Wednesday, 1 April 2015

Use PowerShell to detect if a disk is an SSD

Update 2016-03-18: If you are on Windows 8 / Server 2012 or later, use the 'MediaType' attribute of the 'Get-PhysicalDisk' output. See the comments for more detail.

I was talking with some colleagues recently who were having trouble detecting if a disk was a Solid State Disk (SSD) or not in a lab environment. They wanted to run PowerShell scripts against the machines but found if the disk on the machine was a spindle disk it would cause an issue without a built-in delay. They wanted to detect if the disk was an SSD to remove the delay on machines that could handle it.

Easy I though. Just issue a Get-PhysicalDisk cmdlet and checkout the properties, no problem. Well that's what a PowerShell expert would think anyway. It turns out not to be the case.

After a lot of mucking about and searching I found there is no information reported from an ATA device to tell the operating system that it is an SSD. This makes sense I suppose seeing the concept of an SSD would have been unimaginable back when the interfaces were designed.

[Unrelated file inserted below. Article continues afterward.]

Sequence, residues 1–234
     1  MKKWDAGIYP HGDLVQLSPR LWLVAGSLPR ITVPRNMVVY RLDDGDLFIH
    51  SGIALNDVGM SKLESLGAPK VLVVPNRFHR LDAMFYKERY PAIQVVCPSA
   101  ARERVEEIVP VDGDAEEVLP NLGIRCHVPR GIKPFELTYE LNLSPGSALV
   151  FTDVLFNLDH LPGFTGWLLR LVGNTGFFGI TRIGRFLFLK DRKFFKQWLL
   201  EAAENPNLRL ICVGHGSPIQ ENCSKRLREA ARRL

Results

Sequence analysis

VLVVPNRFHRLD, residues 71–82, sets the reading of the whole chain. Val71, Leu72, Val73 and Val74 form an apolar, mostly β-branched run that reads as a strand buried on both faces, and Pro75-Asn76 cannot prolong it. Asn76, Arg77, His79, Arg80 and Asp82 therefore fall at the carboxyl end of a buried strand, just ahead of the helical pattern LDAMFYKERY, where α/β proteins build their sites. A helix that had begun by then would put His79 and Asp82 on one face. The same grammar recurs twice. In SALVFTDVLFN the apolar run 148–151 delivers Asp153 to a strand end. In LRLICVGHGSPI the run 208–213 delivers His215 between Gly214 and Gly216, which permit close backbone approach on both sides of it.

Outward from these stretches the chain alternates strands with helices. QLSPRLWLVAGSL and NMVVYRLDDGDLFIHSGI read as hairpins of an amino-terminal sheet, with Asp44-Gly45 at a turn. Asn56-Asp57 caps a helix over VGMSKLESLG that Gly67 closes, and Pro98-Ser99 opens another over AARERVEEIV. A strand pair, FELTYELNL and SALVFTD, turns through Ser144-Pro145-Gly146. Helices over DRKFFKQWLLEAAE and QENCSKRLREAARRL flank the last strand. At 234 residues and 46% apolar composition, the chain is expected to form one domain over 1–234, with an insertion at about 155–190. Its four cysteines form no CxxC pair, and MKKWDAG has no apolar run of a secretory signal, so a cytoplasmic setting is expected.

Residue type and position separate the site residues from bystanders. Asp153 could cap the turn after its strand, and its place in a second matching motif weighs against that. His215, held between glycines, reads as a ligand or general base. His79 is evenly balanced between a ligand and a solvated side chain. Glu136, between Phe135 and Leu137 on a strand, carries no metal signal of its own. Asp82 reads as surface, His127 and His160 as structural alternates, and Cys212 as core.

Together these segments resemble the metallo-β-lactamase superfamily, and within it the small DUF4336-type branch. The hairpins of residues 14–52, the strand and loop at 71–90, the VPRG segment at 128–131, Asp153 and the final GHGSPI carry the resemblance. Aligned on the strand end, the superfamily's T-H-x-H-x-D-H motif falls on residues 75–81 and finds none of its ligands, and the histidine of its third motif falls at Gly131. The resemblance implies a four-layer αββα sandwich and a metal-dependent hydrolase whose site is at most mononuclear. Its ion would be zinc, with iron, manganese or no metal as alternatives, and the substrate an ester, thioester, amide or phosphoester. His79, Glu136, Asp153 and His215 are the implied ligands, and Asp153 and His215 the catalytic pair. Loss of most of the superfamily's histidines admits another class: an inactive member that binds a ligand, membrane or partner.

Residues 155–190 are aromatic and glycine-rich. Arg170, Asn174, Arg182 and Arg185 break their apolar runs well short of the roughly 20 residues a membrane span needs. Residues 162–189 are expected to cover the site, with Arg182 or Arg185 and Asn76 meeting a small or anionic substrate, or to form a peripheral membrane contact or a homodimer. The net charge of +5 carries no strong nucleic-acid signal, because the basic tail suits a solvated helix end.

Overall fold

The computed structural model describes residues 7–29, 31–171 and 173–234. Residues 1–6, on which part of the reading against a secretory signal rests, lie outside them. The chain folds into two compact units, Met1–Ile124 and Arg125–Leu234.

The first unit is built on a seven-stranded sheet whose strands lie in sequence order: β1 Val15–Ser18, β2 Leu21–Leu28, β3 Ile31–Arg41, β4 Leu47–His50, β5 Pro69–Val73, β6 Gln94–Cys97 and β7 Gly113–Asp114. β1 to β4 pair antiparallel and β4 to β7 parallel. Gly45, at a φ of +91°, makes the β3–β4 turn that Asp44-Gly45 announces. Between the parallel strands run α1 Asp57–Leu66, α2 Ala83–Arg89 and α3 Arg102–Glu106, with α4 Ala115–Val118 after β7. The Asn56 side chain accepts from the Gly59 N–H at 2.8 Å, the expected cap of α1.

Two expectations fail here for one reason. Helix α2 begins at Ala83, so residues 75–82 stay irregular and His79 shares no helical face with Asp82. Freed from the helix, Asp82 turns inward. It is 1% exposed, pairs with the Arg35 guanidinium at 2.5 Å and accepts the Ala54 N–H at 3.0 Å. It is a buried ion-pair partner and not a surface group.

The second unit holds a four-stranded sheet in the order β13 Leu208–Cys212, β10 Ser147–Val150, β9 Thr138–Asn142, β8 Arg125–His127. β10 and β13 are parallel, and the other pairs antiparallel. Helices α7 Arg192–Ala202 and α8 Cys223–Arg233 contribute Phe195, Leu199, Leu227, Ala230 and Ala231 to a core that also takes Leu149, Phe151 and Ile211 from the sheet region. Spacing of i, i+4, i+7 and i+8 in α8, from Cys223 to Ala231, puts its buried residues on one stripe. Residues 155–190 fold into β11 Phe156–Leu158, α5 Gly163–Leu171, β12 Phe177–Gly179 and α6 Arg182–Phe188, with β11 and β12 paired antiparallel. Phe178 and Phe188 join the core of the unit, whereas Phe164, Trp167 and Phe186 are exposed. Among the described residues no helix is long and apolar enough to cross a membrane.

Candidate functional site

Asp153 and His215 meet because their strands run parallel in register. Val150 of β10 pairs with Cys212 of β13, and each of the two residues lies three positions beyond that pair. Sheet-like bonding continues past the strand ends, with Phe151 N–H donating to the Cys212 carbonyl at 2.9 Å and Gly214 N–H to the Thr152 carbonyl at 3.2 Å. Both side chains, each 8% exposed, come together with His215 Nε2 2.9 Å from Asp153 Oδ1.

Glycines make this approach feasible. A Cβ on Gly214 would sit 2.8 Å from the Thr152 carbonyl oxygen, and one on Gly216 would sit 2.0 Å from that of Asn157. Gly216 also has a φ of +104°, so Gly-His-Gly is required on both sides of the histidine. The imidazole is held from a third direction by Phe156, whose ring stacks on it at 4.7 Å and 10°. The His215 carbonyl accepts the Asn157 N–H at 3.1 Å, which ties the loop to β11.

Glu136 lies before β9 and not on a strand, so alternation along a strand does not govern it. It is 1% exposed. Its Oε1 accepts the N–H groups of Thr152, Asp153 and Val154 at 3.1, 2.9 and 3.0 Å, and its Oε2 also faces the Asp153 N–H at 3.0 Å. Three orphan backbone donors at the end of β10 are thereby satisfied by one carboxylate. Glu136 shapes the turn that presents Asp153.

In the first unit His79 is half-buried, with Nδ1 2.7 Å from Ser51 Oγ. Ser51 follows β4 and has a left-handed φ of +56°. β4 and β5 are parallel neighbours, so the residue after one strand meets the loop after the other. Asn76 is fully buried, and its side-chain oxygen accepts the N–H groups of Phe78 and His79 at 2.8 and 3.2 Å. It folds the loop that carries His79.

It turns out the best way to detect if an attached disk is an SSD or not is by reading two properties of the disk being, spindle speed (or rotation rate) and seek penalty. Neither of these properties are exposed by PowerShell or .NET.

Thanks to the Add-Type cmdlet and a guy from this blog (sorry, I can't find your name on the site), I created this PowerShell script to report if a disk is an SSD or not.

Simply copy the code to a script file and run it passing in a physical disk id number. It will return $true if the disk is an SSD, or $false if not. It will also return $false if exceptions occur in the Win32 DLL calls.

Wednesday, 2 July 2014

Intense PC 2 Unboxing and Review

I run a server at home. This is not surprising seeing as I am in the Information Technology industry. What I don't like is paying the electricity to run a server 24/7. Because of this I have been keen to get my hands on an Intense PC 2 ever since they were first announced.

The Intense PC 2 or IPC2 is a low powered computer the size of a box of savory biscuits.
If you compare its specifications to any other modern PC you would not be overly impressed. It is a standard Intel box with all the bells and whistles. What makes this beauty different is its power related to its size. Also, the IPC2 doesn't have any fans. As if those two features weren't enough, it only drinks 15 watts of power.